The WCVM Veterinary Medical Centre's Wellness Service offers vaccinations within wellness visits or through scheduled vaccination clinics that are frequently offered on Saturdays at the Small Animal Clinic.

For more information, call the Small Animal Clinic reception at 306-966-7126.

Top Vaccine Targets

Having trouble keeping track of all the diseases that you need to consider when it comes to vaccinating your pet? Your veterinarian can give you more details about each disease during your next visit.

Please click on the bars below to learn more about diseases that veterinarians recommend including in your pet's vaccination schedule.

Canine distemper

Canine distemper is caused by a highly contagious virus that is spread through the coughs, urine and feces of infected animals. Puppies are the most susceptible.

Early symptoms such as fever and coughing often progress to vomiting and diarrhea and then to seizures, tremours and other neurologically related problems. Distemper is often fatal, and even recovered animals frequently experience lifelong difficulties.

For more details about the disease, read "Vaccinations key to preventing distemper."

Canine parvovirus

Canine parvovirus is a hardy, highly contagious and often deadly virus that's spread through the feces of infected dogs. Carriers of the virus often display no symptoms.

Parvovirus usually attacks the intestinal tract causing symptoms such as bloody diarrhea and vomiting. Puppies are most vulnerable to the virus, and certain breeds including rottweilers and Labrador retrievers may show a higher susceptibility.

Canine adenovirus type 1 (infectious canine hepatitis)

Canine adenovirus type 1 (infectious canine hepatitis) is transmitted through contact with the feces and body fluids of infected dogs.

This disease progresses very quickly with a variety of symptoms including fever, coughing and bloody diarrhea. It often leads to liver damage and chronic problems in surviving animals.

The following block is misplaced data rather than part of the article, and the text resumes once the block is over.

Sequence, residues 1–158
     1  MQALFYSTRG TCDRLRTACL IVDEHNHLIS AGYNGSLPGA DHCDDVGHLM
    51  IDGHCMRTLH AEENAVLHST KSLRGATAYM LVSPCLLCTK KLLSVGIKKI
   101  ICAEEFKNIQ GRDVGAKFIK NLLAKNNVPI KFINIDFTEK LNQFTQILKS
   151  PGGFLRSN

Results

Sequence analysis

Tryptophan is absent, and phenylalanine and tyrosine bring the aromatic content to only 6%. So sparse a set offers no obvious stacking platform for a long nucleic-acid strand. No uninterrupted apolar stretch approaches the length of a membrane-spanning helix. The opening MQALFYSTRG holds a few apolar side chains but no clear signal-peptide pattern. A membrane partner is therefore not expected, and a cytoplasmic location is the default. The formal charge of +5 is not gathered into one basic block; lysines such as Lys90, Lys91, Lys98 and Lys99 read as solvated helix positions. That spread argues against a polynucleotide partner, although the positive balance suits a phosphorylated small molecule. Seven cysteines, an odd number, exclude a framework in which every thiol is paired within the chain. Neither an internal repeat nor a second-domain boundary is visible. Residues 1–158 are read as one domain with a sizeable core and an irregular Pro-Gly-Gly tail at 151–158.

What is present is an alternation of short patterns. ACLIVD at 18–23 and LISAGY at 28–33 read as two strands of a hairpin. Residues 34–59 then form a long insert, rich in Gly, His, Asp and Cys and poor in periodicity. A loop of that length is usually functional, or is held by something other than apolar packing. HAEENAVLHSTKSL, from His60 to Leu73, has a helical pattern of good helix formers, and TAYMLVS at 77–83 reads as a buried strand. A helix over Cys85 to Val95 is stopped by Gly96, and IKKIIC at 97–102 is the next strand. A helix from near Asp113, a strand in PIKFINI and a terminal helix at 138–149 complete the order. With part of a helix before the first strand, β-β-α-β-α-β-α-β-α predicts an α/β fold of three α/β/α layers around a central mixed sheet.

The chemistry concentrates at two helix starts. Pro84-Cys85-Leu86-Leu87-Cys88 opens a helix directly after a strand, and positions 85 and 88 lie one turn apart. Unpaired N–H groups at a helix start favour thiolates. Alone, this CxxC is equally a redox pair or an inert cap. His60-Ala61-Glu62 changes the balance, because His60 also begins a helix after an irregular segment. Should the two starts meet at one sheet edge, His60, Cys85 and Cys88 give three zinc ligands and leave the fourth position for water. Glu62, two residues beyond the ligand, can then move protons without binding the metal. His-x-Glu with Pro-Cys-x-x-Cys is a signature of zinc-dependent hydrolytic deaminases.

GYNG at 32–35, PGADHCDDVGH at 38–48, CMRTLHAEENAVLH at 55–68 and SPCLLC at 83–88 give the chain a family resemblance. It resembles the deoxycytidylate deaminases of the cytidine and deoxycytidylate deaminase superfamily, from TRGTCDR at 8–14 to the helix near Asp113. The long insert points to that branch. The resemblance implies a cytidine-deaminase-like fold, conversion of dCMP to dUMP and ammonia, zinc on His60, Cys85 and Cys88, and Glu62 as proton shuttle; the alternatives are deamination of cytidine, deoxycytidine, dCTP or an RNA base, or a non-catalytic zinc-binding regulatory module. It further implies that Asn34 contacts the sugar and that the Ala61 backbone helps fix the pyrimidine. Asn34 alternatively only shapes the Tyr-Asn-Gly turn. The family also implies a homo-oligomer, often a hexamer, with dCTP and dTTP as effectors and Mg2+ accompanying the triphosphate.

Parainfluenza affects puppies and older dogs most severely. Spread through nasal secretions, the virus causes a range of symptoms such as fever and coughing and can progress to potentially fatal conditions such as pneumonia.

Feline rhinotracheitis virus (feline herpes virus)

Feline rhinotracheitis virus (feline herpes virus) mainly affects the upper respiratory tract and causes a variety of symptoms including sneezing, nasal discharge and conjunctivitis. Appetite loss is the most dangerous effect.

Transmission is through direct contact with the mouth, nose or eye discharge of infected cats, many of which show no symptoms. Once infected, a cat can become a carrier of the virus — often resulting in periodic flare-ups of symptoms.

Feline calicivirus

Feline calicivirus is an extremely contagious viral disease that commonly affects the upper respiratory system, eyes and mouth but can involve the gastrointestinal and musculoskeletal systems.

Symptoms usually include fever, runny nose and oral lesions. Lameness and intestinal problems may also develop. Resistant to many disinfectants, the virus spreads through contact with the eye, nasal or mouth discharges of infected or carrier animals.

Feline panleukopenia

Feline panleukopenia is especially deadly for kittens. Symptoms include vomiting, high fever and weight loss.

The virus is easily transmitted, most commonly through direct or indirect contact with infected feces or urine. The virus can also be passed to  kittens in utero.


Rabies is a disease affecting mammals that is caused by the rabies virus. Rabies poses a particularly serious threat to public health because it is zoonotic (can be transferred between humans and animals).

The virus is usually spread by a bite or scratch from an infected animal. It ultimately infects the brain causing death.

For more details about rabies, please read "Rabies: what you need to know."